Fun 2-min trailer of all 10 New Immigrant and Refugee Visions Films

March 5, 2019

New Immigrant and Refugee Visions (NIRV) is a collection of 10 documentary films by and about immigrants. Their films provide a unique insider perspective on the integration challenges faced by immigrants and the contributions they make to our culture, economy and social fabric. The filmmakers made these short films to engage communities in dialogue about immigrants and immigration in the United States.

View the excerpts and project introduction.

 

 

 

 

 

 

 

 

 

 

View this fun 2-min trailer of all 10 New Immigrant and Refugee Visions films. Join Community Supported Film, the filmmakers and subjects for the premiere of all ten films on March 31 and April 1 at the Boston Public Library.

 

Premier Celebration: New Immigrant and Refugee Visions in Film 

Sunday, 31 March, 2:30p – 4:00p: Boston Public Library – Central
Monday, 1 April, 6:00p – 7:30p: Boston Public Library – Central
Copley Square, 700 Boylston Street, Boston, MA . 02116 (map)
Rabb Hall

Celebrate the premier of all ten documentary films by and about immigrants and refugees with Community Supported Film and the New Immigrant and Refugee Visions (NIRV) filmmakers.

Five different films will be screened & discussed at each event.

Details…

 

Related Posts:

War is a Racket! by The Department of Homeland Inspiration – featuring the Art Ranger and Michael Sheridan

War is a Racket! by The Department of Homeland Inspiration – featuring the Art Ranger and Michael Sheridan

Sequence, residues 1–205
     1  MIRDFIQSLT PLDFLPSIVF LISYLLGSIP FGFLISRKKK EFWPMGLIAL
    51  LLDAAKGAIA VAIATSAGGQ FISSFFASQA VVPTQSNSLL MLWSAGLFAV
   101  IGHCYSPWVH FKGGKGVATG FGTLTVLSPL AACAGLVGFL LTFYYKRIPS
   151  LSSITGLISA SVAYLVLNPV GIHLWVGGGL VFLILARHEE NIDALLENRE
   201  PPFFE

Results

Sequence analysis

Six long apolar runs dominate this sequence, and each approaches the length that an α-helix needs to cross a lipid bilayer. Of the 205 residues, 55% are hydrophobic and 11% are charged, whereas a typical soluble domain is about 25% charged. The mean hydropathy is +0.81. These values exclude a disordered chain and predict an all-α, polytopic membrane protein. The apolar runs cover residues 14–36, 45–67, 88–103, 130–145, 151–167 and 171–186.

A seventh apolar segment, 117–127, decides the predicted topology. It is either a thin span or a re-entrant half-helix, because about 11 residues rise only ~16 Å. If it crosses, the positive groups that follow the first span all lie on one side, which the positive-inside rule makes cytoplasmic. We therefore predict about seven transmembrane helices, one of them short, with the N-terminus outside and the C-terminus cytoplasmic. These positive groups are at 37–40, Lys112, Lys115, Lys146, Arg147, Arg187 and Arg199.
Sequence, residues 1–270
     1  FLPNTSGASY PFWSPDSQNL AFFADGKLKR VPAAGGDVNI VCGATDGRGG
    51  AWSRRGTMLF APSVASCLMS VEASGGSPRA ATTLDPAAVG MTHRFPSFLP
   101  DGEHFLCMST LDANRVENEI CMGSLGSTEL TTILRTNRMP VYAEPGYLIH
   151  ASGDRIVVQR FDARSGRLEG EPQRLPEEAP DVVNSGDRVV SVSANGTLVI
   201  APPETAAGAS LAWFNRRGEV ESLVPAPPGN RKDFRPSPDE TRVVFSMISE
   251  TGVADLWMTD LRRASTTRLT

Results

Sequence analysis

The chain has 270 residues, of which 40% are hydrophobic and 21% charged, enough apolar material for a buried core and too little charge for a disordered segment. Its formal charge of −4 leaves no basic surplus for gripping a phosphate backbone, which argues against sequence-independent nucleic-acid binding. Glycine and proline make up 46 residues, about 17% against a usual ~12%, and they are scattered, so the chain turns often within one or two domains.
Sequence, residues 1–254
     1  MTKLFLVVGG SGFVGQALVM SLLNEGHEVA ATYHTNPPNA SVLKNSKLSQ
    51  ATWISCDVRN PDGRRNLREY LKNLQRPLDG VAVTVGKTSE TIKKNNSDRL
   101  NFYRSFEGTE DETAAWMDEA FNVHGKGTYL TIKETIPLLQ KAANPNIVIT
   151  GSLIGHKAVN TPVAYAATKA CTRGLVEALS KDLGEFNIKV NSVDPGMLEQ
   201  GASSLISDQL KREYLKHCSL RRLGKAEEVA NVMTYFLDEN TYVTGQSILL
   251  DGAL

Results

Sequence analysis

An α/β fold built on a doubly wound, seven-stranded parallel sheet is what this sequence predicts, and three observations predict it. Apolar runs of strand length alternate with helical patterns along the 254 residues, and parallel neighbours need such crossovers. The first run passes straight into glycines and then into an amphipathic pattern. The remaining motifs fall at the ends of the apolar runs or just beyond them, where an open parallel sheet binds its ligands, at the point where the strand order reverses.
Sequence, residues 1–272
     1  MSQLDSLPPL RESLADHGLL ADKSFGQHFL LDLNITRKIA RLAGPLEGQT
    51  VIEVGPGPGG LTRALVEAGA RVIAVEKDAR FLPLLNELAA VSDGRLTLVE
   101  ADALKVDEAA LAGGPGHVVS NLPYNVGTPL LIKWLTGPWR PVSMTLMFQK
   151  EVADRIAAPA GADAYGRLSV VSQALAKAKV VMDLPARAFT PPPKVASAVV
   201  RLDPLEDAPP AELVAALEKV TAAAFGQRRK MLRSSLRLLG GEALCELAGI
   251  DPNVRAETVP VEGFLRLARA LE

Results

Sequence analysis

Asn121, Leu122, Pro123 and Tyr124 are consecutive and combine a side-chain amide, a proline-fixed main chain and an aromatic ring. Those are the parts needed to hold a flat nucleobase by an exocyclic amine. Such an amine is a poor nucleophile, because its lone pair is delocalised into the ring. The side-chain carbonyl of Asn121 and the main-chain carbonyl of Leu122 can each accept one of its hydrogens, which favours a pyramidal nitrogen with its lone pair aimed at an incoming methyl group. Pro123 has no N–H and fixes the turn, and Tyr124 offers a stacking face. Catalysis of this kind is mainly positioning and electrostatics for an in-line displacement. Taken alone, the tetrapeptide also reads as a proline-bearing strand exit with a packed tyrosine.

Art Ranger, along with her colleague Michael Sheridan, review “War is a Racket” by Brigadier General Smedley D. Butler. This highly decorated war hero becomes dogged activist and tours the country giving speeches about how he was in effect, a bully for the corporations, then quit.  Art Ranger and Sheridan share excerpts of the text as well as a piece of their minds. Sonic textures provided by our back up band, The Dirty Pens.

ON THE MEDIA | Disrupting Journalism: How Platforms Have Upended the News, Columbia Journalism Review

ON THE MEDIA | Disrupting Journalism: How Platforms Have Upended the News, Columbia Journalism Review

After decades of shrinking revenues, and an increasing expectation among consumers that journalism should be free, the global media industry has reached a crisis point. As legacy news outlets shut down or lay off staff, misinformation and conspiracy theories run rampant, blurring the line between fantasy and reality. Trust in our institutions of governance continues to decline, fueling an alarming rise in extremism and political violence across previously stable democracies. In the Global South, the impact of journalism’s decline has been even more striking, with the rise of a new generation of autocrats skilled in manipulating the online conversation to suit their consolidation of power.

ON THE MEDIA | Meet the Next Generation of Mexican Filmmakers, Global Press Journal

ON THE MEDIA | Meet the Next Generation of Mexican Filmmakers, Global Press Journal

After the 1994 [Zapatista] uprising, a boom in documentary films focused on indigenous themes and communities — but the overwhelming majority, Sojob says, were made by people from outside the state. Her own interest in storytelling began when, using a camera that her father gave her, she recorded an ongoing land conflict between the people of Chenalhó and the neighboring town of Chalchihuitán. Unless there was some sort of testimony, she realized, no one would know what was happening, “that it was us, ourselves, who had to get out everything that was happening within, from our own context, from our community.”

0 Comments

Submit a Comment

Your email address will not be published. Required fields are marked *